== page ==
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| "The Ghawazi: Back From the Brink of Extinction (For now)" Gilded Serpent, posted July,2009
In January 2009, I went to Egypt with the aim of visiting Khairiyya Mazin, the last remaining practictioner of authentic Ghawazi dance. It had been on my mind for six years since I met her in Cairo at the 2003 Ahlan Wa Sahlan Festival. At that time things looked dire for Khairiyya and the legacy of the Ghawazi.
|Link to Article|
| "The Legacy of the Ghawazi" Habibi, v. 20, no. 4, Fall 2005, p. 38-46
An overview of the origins and history of the ghawazi up to the present, including the American dancers that first discovered and studied with the Ghawazi. The evolution fo the ghawazi costume over 100's of years.
|"Ghawazi revisited: a party in Luxor" Habibi, v. 21, no. 1, Winter 2005, p. 40-47
Habiba recounts her experiences with the Banat Maazin Ghawazi in Luxor in 1985 and 1989. An in-depth description of a typical Ghawzi performance. The current plight of the Ghawazi tradition, in danger of extinction.
|Tunisian Images, Part I,The Home,Arabesque, v.6, no. 3, Sept-Oct., 1980, p. 14-15.
Being a guest in the home of a family in Dar Chabaane, Tunisia. Examines traditional family life and customs.
|Tunisian Images, Part II, Religion, Arabesque, v. 6, no.5,Jan-Feb. 1981, p. 15-16, 23.
The role of religion is everyday life is examined. Habiba visits a Saint's tomb (marabout) in the small town of Dar Chabaane, Tunisia and observes the pervasive influence of Islam on every facet of life.
|Of Henna & Weddings, Arabesque, v. 7, no. 3, Sept-Oct. 1981, p. 12-13, 33.
Learning that she is newly married, the women of Dar Chabaane give Habiba a henna party where she is fed tea and pastries while women henna her hands and feet. Traditional wedding gowns, facial tatoos and henna are discussed.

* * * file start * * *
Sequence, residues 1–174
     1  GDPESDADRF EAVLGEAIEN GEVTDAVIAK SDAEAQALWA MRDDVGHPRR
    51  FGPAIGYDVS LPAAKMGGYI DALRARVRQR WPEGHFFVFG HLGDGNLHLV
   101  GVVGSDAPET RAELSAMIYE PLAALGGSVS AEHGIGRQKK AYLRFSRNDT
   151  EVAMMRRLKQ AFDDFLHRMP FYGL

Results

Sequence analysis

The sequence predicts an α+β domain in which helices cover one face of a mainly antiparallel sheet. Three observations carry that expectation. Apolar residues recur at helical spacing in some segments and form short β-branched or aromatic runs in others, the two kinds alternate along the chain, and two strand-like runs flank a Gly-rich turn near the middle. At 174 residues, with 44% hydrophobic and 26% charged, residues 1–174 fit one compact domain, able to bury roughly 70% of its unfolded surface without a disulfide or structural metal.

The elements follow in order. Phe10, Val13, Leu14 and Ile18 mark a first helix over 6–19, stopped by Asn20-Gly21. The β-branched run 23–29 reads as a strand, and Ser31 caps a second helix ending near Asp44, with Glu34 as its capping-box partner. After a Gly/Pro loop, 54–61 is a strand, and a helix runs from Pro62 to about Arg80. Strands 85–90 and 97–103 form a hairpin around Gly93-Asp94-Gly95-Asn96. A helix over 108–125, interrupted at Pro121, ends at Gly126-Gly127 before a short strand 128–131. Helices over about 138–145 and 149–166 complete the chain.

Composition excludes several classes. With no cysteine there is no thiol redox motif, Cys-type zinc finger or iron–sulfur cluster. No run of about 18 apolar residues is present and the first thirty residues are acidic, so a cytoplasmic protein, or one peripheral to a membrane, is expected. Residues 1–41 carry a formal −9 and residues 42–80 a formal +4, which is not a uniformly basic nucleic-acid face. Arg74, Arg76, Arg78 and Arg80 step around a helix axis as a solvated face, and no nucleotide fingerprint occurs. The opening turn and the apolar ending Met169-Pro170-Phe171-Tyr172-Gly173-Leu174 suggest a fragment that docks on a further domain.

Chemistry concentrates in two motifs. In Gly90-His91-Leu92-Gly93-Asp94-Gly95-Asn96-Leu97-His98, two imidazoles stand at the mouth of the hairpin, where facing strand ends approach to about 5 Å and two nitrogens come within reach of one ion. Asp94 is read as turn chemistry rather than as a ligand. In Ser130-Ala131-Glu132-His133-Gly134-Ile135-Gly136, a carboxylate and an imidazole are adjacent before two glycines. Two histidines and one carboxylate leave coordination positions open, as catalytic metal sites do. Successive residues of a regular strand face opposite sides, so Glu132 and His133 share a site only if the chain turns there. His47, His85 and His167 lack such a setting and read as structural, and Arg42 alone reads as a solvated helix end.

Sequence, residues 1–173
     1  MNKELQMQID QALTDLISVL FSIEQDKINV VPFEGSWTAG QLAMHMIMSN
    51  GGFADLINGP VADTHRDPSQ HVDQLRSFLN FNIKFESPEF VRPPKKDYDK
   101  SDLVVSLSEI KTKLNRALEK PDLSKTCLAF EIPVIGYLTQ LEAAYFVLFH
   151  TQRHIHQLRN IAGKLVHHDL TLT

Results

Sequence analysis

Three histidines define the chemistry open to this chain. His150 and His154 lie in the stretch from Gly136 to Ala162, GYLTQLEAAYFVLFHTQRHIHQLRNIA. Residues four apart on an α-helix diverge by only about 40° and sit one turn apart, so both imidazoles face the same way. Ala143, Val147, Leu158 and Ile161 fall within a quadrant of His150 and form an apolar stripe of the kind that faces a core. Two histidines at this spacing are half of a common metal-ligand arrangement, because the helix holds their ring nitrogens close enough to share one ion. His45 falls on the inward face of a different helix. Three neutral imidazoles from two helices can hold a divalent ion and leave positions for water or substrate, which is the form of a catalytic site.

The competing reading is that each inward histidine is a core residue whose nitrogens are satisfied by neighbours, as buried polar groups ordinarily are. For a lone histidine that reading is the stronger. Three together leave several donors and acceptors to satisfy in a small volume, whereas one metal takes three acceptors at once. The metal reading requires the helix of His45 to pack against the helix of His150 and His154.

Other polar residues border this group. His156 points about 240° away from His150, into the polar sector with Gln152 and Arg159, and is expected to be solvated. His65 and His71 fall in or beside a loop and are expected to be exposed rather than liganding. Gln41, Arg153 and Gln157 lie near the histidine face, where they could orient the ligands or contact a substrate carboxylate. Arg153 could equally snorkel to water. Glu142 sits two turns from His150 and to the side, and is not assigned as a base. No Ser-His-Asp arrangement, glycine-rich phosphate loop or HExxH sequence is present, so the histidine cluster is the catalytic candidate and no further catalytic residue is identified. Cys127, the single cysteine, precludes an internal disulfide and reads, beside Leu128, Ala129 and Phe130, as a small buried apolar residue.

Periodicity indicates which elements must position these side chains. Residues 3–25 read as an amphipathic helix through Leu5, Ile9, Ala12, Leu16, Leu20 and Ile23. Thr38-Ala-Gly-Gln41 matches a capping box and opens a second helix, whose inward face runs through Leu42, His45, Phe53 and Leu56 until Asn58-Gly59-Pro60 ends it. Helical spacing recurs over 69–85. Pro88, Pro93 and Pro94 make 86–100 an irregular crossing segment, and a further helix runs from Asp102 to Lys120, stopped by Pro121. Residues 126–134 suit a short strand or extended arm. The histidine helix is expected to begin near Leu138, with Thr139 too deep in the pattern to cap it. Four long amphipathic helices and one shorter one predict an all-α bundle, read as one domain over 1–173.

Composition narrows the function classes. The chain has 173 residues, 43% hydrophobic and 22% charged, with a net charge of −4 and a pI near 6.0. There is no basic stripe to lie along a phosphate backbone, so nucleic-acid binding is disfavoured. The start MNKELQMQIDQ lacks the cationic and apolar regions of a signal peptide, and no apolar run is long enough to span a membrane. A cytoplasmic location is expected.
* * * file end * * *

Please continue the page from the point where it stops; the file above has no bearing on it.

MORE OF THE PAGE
|The Ballet Nationale, Arabesque, v.7, no. 4, Nov-Dec., 1981, p. 4-5,21.
Habiba meets the director of the Conservatoire, Dr. Salah al Mahdi, Tunisia's school of traditional music and dance and registers for the beginner class at the school of the National Troupe of Tunisia. She studies with Habib Trabelsi and sees a rehearsal of the National Troupe performing the Scarf Dance (Raks al Maharem).
|In Search of Dance, Arabesque, v. 7, no. 5, Jan-Feb 1982 , p.
Habiba travels South to the island of Jerba, Tunisia, in search of the pot dance (Raks al Juzur).
|Tunisian Images, Learning The Dance, Arabesque, v. 8, no. 5, Jan-Feb, 1983, p. 4-5,28.
A look at the National Troupe of Tunisia. Habiba returns to Tunisia to continue studying. She moves on to specific technique for the Raks al Juzur (pot dance) and the Raks al Maharem (scarf dance).
|Of Brides and Glory, Arabesque, v.8, no. 6, Mar-April , 1983, p. 6-7, 26.
Habiba gets a job dancing raqs sharqi at the Tunis Hilton and spends her spare time going to weddings.
|Men of Tunisia, Arabesque, v. 9, no. 5, Jan-Feb., 1984., p. 10-12, 29